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Old August 28th, 2009, 11:44 AM   #5
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no prob

tells us how it goes!
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Old October 20th, 2009, 02:29 PM   #6
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Curious... extend the conversation please...

Would you folks consider this a good starting point when grant writing for documentaries? Ball park $1,000 per finished minute?

It's been a good 15+ years since writing any grants and have been completely 'out of the production loop' for a while. Have to 're-up' the cerebral database on reasonable charges. Is there any reference material on line... possibly broken down by crew/job/etc.?

Once again ... absolutely FABULOUS FORUM and website! I use this more and more every day. Thank you folks for always being around to help! God Bless, Roze
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Old October 20th, 2009, 10:12 PM   #7
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Telling your story - providing perspective

Kareem,

Since I know this field well (I am practice in neuro and rehabilitation psychology and teach it at a doctoral level) I can offer you more specific suggestions.

1. Be certain to include an interview with the physician in which you go over symptoms of
Parkinson's

2. Focus on the experience of patients with Parkinsons's - in particular the way in which it
affects their ability to function in everyday life. Emotional problems especially depression
is common. Also, a prominent side effect from medication are hallucinations and
psychosis.

3. Parkinson's has a tremendous impact on quality of life not only for patients but also for
family members. The risk for caregiver burden is high. Unlike Alzheimers's, patients with
Parkinson's live much longer so the stress on family members often is chronic, extensive
and lasts for many years.

This could set a frame to tell your story and to put the importance of any advance in treatment into proper perspective.

Best,

Mike
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Old November 10th, 2009, 03:19 PM   #8
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Quote:
Originally Posted by Kareem Dimashkie View Post
Hi everyone,

I have done a couple documentaries in the past (one half-hour doc on martial arts, and another on Parkinson's disease), and I am being commissioned to do a documentary on a new medical device for use in patients with Parkinson's Disease.

Any good advice is appreciated. Thank you.
Hi Kareem, How did the project progress? Any luck?
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Old March 12th, 2010, 08:33 PM   #9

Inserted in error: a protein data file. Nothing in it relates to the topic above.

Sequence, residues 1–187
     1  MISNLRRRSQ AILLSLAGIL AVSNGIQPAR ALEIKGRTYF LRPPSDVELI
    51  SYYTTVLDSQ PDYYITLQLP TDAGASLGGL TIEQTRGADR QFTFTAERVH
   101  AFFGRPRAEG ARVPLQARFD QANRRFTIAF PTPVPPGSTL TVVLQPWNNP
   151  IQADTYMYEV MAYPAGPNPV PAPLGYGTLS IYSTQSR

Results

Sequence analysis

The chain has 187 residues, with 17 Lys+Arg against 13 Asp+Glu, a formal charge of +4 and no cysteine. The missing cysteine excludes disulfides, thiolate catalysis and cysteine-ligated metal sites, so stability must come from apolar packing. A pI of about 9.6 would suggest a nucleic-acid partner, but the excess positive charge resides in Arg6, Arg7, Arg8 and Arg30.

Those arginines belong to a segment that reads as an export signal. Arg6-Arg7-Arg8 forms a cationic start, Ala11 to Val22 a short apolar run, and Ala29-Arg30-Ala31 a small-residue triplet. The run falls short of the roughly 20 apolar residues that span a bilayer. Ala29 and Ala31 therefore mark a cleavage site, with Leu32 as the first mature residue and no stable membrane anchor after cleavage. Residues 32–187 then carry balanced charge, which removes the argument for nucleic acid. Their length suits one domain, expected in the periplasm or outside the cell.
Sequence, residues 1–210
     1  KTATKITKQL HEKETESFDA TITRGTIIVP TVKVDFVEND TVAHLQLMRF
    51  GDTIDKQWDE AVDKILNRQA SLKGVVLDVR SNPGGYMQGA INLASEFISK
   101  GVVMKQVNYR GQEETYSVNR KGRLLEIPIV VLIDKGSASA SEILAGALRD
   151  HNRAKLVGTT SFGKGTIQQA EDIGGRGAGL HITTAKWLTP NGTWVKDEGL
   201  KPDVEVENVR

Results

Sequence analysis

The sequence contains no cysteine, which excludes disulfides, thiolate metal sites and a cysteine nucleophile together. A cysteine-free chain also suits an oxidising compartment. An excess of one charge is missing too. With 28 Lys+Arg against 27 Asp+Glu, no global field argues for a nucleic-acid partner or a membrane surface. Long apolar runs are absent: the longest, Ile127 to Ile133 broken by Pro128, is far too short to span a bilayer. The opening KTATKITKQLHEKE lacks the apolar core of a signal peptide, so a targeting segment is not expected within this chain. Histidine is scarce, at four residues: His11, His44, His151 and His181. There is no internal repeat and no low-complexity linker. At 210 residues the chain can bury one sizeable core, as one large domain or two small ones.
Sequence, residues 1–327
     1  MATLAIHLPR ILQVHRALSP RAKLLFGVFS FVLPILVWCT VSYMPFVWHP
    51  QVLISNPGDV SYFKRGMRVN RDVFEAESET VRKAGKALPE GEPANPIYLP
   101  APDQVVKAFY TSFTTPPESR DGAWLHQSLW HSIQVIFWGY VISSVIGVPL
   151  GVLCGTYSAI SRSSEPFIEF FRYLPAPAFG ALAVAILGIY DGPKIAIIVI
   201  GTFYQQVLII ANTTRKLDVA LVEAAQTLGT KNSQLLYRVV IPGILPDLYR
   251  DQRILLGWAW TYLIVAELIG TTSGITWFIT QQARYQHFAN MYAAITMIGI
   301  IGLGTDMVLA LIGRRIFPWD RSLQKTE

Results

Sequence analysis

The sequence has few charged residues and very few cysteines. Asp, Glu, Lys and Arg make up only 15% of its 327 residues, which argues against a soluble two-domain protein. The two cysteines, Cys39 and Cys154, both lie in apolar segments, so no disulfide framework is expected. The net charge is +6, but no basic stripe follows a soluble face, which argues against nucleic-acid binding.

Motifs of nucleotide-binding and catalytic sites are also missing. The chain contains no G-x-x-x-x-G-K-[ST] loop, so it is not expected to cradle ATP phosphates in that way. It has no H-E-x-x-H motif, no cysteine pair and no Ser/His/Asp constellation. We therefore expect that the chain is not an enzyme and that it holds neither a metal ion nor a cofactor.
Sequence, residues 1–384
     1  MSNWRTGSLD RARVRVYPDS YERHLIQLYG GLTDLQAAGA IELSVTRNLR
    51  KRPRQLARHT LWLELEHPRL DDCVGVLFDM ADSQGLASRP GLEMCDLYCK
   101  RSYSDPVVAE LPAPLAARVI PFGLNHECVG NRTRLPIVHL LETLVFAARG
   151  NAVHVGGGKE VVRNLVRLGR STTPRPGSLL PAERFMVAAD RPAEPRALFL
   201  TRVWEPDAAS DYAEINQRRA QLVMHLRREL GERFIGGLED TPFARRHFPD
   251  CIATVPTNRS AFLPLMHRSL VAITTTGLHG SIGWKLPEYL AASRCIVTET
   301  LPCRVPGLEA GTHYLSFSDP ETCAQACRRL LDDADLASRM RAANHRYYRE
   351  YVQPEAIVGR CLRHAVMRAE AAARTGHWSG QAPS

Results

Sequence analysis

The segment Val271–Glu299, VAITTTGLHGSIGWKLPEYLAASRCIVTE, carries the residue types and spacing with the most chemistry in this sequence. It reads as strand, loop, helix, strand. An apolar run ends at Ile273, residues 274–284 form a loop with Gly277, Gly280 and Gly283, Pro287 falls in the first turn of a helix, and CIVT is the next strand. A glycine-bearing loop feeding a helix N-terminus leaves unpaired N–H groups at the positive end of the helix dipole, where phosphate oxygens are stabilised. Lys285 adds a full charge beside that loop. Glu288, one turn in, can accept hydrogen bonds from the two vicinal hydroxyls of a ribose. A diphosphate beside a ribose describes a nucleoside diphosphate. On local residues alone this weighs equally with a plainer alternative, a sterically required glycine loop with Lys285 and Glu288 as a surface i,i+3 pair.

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Hi Everyone,

I have to take a minute to apologize. I had gone to Europe a little after starting this thread, and was sending posts to this wall via my Iphone. Unfortunately, it doesn't look like anything I sent posted. I deeply apologize for leaving you all hanging. It was most certainly not my intent to cut and run, as is clear from my other threads. That is something I just don't do. Once again, I apologize.

Now, for a status update. After giving the doctor a ballpark figure for the documentary, I didn't hear anything for a couple months. Apparently EXTRA TV became interested in the doctor who initially was going to back the doc, and so plans for a separate video seemed redundant, and rightfully so.

Apparently, however, EXTRA fell through, and so there is some forward momentum on the project once again. I'll keep you all posted on how things work out.

In the meantime, I've attached the video I did for school which started this whole thing: A profile of painter Jorge LaCoste. I apologize for the quality of the video. In school, we were limited to standard def and Sony PD-170's.

Thank again for all your help and support,
Kareem

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Old July 22nd, 2010, 05:10 AM   #10
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Nice job with the video

Forget everything else. If you have a good story, you are 5 million percent ahead of the game. Jorge emerges as a very real person that we like. We feel his struggle and we admire his talent. This is what film making is all about; telling a good story. The production values are what they are, but you see beyond that when the story is strong. Nice work Kareem.